New York graphic designer Danielle Oteri recalls meeting a striking 28-year-old adonis at an eatery in Sicily and lingering over a romantic glass of wine. But just when sweet poetry began to flow from his lips, a cell phone erupted into song. "Ehm... just a minute," he whispered. "It's Mamma. She wants to know when I'll be home." For Oteri, the Italian stereotype of mammismo - the exaggerated bond between Italian men and their mothers - was confirmed.
A whopping 37 percent of Italian men aged 30 to 34 still live with their parents - twice as many as women of the same ages - and Italy's economic minister is losing patience. Tommaso Padoa-Schioppa's latest proposal to stimulate the economy is to lure men toward autonomy with a tax break: "Let's get those big babies out of the house," he declared in October of 2007.
The public reacted with outrage. "Staying with family at least assures a roof over your head," says attorney Beppe Serelli. "While it's true Italy has a problem with sons never growing up in their mothers' eyes," says Giuliana Proietti, a psychologist in Ancona, "never have our young adults been faced with such economic difficulty."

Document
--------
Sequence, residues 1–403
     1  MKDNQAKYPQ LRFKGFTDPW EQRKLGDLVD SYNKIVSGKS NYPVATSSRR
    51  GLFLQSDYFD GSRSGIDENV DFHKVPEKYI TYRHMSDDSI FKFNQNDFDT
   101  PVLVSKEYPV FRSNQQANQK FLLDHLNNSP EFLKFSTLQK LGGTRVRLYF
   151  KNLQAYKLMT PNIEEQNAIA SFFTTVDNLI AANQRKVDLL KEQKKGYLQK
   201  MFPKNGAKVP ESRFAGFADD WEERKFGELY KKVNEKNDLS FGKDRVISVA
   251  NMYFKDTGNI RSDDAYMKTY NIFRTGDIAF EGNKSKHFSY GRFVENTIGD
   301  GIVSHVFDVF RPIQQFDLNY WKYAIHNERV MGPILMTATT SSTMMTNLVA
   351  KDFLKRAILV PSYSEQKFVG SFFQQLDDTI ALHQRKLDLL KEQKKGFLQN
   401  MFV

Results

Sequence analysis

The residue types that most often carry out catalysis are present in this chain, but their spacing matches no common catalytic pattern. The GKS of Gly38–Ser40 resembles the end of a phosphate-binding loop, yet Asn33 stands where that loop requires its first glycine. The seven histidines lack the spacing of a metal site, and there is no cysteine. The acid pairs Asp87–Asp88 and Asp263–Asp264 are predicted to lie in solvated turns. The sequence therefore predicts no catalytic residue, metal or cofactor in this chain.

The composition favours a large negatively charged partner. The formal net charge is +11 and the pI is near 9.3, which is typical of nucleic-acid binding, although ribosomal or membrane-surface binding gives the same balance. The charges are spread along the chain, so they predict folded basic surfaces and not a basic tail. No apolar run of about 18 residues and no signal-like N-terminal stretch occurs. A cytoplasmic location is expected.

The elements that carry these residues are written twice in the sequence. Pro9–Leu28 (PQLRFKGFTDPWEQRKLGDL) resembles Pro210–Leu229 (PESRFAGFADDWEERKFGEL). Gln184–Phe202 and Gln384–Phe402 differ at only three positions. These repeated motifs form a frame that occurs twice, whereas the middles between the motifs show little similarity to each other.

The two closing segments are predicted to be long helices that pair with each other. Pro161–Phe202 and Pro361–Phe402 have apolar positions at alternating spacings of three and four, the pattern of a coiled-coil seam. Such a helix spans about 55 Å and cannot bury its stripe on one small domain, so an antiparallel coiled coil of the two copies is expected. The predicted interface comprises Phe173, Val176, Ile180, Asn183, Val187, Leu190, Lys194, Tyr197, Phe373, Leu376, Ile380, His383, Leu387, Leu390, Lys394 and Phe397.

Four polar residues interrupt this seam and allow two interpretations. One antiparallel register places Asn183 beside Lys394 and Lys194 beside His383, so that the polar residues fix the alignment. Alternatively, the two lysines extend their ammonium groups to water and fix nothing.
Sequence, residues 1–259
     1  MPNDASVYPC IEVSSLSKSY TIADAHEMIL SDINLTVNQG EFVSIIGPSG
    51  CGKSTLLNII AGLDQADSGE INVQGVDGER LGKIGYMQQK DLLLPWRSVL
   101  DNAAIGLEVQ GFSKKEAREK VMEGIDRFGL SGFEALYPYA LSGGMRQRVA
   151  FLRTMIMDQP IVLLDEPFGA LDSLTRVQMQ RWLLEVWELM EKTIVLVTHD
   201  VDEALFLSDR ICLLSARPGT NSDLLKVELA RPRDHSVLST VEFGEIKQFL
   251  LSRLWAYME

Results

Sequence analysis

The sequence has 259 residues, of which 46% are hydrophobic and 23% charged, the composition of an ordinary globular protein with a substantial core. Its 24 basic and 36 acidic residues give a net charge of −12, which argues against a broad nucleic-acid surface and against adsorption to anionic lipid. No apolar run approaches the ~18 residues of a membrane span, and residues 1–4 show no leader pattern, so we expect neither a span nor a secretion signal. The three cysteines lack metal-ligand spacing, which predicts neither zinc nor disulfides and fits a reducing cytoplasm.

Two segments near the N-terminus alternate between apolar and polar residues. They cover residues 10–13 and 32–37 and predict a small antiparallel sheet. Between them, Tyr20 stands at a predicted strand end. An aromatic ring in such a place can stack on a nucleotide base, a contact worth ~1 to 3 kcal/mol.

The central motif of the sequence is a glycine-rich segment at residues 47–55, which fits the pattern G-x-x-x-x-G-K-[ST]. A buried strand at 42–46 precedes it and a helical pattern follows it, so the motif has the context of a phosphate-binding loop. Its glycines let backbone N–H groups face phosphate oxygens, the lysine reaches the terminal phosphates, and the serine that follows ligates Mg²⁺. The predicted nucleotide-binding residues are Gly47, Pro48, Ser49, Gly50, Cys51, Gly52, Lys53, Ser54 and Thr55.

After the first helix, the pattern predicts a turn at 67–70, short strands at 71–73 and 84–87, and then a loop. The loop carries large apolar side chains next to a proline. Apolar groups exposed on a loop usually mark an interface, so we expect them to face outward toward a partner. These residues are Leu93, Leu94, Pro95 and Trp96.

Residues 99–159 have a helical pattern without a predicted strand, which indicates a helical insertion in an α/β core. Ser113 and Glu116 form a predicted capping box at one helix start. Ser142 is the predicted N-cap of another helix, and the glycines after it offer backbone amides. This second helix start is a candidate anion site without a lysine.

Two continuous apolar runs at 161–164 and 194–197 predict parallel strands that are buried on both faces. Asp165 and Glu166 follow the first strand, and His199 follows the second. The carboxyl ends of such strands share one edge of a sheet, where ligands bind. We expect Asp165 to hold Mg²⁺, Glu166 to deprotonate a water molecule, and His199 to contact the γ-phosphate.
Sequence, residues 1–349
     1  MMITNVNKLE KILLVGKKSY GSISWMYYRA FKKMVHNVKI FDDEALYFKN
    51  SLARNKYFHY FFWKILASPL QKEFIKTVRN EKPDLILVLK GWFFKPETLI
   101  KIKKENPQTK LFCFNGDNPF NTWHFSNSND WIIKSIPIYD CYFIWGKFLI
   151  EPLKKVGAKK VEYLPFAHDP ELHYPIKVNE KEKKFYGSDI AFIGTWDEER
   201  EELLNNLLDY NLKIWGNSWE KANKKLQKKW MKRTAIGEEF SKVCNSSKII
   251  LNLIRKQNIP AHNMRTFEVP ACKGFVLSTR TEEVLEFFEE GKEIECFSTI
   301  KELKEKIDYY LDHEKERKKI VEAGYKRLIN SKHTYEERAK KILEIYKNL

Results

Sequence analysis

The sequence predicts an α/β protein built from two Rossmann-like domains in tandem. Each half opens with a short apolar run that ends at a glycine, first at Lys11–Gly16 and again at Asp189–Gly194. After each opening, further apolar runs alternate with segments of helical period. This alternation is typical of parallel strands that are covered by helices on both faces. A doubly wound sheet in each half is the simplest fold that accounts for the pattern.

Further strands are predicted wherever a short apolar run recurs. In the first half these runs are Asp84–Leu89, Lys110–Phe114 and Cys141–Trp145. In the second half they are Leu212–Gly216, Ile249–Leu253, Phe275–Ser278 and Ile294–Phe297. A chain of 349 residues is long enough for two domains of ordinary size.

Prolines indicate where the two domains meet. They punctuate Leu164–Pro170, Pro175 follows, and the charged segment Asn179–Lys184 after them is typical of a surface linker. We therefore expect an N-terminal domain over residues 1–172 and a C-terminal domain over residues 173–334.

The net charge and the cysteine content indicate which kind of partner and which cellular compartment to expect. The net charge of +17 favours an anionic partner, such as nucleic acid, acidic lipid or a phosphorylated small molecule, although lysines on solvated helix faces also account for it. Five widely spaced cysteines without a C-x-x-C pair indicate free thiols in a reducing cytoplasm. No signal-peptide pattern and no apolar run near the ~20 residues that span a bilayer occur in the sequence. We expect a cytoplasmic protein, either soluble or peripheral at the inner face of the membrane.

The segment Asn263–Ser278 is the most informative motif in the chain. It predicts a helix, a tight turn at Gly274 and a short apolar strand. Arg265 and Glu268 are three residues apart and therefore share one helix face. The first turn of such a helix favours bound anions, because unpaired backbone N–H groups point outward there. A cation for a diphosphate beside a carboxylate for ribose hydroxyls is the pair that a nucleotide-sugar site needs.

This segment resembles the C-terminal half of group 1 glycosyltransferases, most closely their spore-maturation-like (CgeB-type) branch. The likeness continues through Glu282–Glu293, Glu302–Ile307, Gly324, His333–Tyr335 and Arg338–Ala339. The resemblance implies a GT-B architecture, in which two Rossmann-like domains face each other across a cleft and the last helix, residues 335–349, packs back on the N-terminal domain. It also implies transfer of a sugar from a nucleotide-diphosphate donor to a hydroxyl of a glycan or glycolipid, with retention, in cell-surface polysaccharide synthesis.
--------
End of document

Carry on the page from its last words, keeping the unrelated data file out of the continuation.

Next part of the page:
To Italians, with their history of strong family ties, there is nothing pathological about staying put until marriage, especially if one is unemployed. "The traditional family unit was historically the only guarantee of survival in uncertain times," says Roberto Vincenzi, a professor of psychotherapy in Genoa. Vincenzi says the key factor that keeps Italy's "figli per sempre" (sons forever) home in greater numbers than daughters is the sons' stronger attachments to their mothers. Proietti believes that mammismo has its roots in the traditional role of the Italian (and Latin) woman, who often felt unfulfilled before career and divorce were options. "She thus poured her love into her children. Over time, the son became a sort of husband to his mother, without the sexual component," she says. Vincenzi says the mother-son bond becomes pathological only when it impedes the son from growing up.
Economists Enrico Moretti and Marco Manacorda say Italian parents may be trying to impede the autonomy of their offspring. According to their research, Italian parents directly and indirectly financially bribe their children to remain home. "Italians, unlike parents from most other countries," Moretti says, "like living with their grown children." - Raeleen Mautner